Peter Rosier was so surprised to win the 2020 Law Society of NSW President’s Medal he initially thought his nomination was a hoax. Humility is a bedrock of the powerhouse property lawyer’s career, which began when he was associate to High Court Chief Justice Garfield Barwick and has spanned almost 50 years of practice. Over lunch he reveals his most memorable case and how football played a role in NSW’s electronic conveyancing goals.
In the lead-up to the pandemic, Peter Rosier shifted his Annandale legal practice to working from home. Yet he still talks about the inner-west village suburb in fond shorthand.
He knows the owners of Black Toast, the café LSJ suggested for lunch, by first name and asks the waiter with a smile upon our departure to “tell Les [the owner] that Peter the lawyer said hi”.
He recommends the best local takeaway place and recalls the transformation of Annandale and its surrounding neighbourhoods; the butcher shop he once frequented for lamb chops is now a trendy warehouse eatery.
Rosier, the principal solicitor of Rosier Partners Lawyers, has been an Accredited Specialist in property law for more than 20 years and a member of the Law Society’s property law committee. He was instrumental in his advocacy for electronic conveyancing.
In preparing the profession for the change he said some – even as recently as the last decade – were treating the digital move “like science fiction or something popping up out of a crystal cube”.
“They would say to me that it was never going to happen, it just won’t work. By 2013, I could say to them ‘don’t say it isn’t going to happen [because] it is happening’,” he tells LSJ.
“What we have seen, I think importantly, that made the COVID-19 pandemic much less of a problem for the legal profession … was the introduction of electronic conveyancing, which meant you didn’t have to toddle into town with a bunch of papers and exchange them for another bundle of papers or a cheque with a solicitor who also had to toddle into town.
“It was very convenient electronic conveyancing had almost reached its full flowering by the beginning of 2019. In my area of the law, the greatest concern in 2020 really has been how to deal with problems that arise from the fact that people can’t pay their rent, can’t pay their mortgages, landlords who can’t get rent, and also can’t get rid of tenants.”
Rosier notes wryly the swift uptake of electronic conveyancing, now mandatory in NSW, can be attributed to football.
Rosier and his wife this year farewelled their cherished rescue dog of 14 years, Jack, who occasionally popped up on video meetings. Discussions are underway for a new rescue pup.
“It’s entirely down to football. The reason I say that is the NSW Government wanted to pay for two stadiums so that rugged men and women could play football, and so they needed money to build two stadiums. And how did they find the money? They sold the Land Registry operations [which largely required people to physically attend to lodge],” he says.
“[That need] quashed the notion that electronic lodgement would remain voluntary and it became mandatory, all in the name of football stadiums.”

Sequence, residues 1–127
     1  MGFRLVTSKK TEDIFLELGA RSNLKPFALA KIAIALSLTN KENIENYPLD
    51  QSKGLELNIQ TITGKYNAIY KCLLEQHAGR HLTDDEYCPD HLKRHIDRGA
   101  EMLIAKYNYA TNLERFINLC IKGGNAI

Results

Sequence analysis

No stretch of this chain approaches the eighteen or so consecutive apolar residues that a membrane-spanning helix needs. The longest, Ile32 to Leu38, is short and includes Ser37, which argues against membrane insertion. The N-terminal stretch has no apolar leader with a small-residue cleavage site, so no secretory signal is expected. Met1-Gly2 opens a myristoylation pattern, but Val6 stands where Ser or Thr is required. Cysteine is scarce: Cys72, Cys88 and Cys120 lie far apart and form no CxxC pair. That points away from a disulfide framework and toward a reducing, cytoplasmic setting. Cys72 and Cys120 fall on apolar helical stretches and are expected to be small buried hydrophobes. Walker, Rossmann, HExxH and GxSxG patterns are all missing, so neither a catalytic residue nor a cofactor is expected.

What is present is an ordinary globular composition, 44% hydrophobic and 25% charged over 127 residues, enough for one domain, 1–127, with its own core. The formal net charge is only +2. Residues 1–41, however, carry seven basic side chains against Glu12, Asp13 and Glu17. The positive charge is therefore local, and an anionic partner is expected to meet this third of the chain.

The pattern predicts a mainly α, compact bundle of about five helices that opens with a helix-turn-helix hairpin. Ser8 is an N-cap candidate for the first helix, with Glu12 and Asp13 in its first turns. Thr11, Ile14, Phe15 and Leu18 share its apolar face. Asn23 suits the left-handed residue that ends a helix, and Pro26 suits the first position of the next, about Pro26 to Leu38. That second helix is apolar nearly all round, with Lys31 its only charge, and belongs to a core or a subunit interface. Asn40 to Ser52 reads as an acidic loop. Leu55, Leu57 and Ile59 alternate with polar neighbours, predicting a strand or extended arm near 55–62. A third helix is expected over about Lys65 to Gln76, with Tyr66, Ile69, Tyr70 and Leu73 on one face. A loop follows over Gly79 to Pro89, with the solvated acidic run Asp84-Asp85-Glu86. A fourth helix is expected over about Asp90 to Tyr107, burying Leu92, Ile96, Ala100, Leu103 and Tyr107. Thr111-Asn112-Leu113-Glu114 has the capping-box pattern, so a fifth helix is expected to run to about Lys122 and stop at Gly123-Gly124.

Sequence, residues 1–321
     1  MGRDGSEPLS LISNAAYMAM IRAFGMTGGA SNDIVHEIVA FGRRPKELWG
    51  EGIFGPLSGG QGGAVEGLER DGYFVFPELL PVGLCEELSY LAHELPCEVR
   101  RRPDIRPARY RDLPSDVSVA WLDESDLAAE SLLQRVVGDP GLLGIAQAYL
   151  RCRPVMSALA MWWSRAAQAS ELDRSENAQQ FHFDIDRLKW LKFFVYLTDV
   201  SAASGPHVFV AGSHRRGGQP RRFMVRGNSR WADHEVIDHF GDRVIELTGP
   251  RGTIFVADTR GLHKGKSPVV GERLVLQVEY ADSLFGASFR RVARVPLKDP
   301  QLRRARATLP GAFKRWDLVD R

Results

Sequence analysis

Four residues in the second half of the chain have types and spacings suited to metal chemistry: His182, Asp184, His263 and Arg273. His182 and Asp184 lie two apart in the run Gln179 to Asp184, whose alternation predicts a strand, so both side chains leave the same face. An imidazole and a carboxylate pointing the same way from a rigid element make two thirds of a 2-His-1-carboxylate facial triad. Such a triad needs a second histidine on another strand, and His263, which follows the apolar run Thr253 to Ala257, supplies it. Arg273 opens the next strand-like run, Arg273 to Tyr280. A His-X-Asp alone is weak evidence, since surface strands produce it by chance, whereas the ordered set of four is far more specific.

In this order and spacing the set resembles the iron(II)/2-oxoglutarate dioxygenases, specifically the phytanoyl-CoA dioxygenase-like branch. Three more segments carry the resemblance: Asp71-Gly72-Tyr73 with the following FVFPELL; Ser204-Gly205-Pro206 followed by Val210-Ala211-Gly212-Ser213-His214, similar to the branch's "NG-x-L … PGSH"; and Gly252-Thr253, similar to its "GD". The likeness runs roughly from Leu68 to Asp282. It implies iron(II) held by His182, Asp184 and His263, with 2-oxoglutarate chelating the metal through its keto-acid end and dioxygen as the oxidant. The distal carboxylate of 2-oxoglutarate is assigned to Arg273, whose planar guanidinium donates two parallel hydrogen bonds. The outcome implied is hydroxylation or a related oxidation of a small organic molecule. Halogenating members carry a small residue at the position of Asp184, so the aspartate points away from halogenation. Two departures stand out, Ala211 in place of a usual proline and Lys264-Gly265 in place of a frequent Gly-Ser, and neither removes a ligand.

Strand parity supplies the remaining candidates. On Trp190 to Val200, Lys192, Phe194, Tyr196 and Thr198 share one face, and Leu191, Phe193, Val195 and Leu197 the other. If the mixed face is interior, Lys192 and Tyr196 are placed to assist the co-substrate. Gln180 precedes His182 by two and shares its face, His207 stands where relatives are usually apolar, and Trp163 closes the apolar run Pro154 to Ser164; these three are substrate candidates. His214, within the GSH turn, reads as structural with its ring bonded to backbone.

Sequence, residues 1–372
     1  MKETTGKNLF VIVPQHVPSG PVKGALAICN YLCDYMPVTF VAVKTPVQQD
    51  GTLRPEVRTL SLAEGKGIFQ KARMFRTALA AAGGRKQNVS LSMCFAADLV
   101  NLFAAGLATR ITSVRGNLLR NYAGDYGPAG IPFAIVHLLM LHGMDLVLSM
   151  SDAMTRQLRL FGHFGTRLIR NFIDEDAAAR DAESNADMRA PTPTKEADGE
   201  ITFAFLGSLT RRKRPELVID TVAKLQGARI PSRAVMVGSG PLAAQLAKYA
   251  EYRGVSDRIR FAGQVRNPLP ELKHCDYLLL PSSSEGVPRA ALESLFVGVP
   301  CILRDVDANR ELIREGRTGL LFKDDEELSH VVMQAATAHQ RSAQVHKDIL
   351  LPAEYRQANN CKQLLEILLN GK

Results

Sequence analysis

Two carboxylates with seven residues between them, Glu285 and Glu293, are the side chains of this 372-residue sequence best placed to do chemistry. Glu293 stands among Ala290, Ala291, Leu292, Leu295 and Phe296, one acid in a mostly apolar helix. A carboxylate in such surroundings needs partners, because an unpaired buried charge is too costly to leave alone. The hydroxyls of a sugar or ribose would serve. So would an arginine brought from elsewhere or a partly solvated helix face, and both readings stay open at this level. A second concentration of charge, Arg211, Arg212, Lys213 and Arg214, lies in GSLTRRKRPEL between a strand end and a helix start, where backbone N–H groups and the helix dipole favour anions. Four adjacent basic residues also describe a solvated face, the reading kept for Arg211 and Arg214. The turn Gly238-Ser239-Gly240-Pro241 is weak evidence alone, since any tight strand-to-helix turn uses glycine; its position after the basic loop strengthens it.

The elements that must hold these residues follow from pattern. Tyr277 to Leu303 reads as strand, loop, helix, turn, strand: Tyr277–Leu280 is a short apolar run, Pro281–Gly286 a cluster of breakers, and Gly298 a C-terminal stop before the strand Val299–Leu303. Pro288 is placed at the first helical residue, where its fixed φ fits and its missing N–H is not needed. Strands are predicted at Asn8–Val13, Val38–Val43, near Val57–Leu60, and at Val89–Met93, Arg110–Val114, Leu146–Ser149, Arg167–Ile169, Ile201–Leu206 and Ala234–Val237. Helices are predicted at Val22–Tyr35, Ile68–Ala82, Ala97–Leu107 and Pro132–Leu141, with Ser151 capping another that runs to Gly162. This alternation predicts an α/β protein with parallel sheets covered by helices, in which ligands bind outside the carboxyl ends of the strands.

In half a century of practice, Rosier has seen and assisted with every kind of property problem imaginable. When asked to describe a memorable moment in his career, many with his credentials would not hesitate to catalogue their triumphs. Not so for Rosier, who pairs humility with a healthy sense of humour.
“I’ve had some memorable matters … even if not particularly memorable from the point of view of demonstrating my legal brilliance or in terms of the glory which came to shine upon me as a result,” he jokes, before recounting “an interesting, complex piece of litigation”.
“I was involved in a very unfortunate and sad case in which a brothel owner had committed suicide, locked in his office. It led to a very strange series of events. The son and his father, who was my client, had been engaged in money laundering.
“My client had decided that the way to avoid [paying tax on the earnings of the brothel] … was to pay amounts of slightly less than $10,000 around 15 banks throughout the suburbs of Sydney every second Friday. One of the consequences [for the father] was he was tried for money laundering.”
The case also involved a family provision claim as Rosier’s client’s son left a will allocating property to the brothel madam, along with a pet cat.
“My client didn’t succeed very well but it was noteworthy for the many intricacies … it was certainly memorable,” he says.
On pets, Rosier and his wife this year farewelled their cherished rescue dog of 14 years, Jack, who occasionally popped up on video meetings. After a sad goodbye, preliminary discussions are underway for a new rescue pup – perhaps a greyhound – to join the family in the near future.
Rosier does not believe he “won” the President’s Medal (“it suggests a competitiveness that I don’t think applies to this”) and almost a month on from the announcement, he is still floored.
“My surprise was simply because those who have received it before me were of such a high standard – plainly, they are considerable achievers in their various fields,” he tells LSJ.
“People like [2012 winner] Stuart Tipple, who of course was prominent in the Lindy Chamberlain matter and crusaded for her legally to the point of success. My colleague Tony Cahill [a joint winner in 2015] who is an amazing talent, and a person of huge intellect and great knowledge.
“They just had so obviously achieved things that it surprised me, to the point that I actually sent a reply to the email telling me I’d been made a finalist, asking ‘Is this a hoax?’ It turned out that it wasn’t. The standard of those who had received the medal previously was such that I just thought I had done nothing like any of those people.
“It has happened, but quite why still bewilders me.”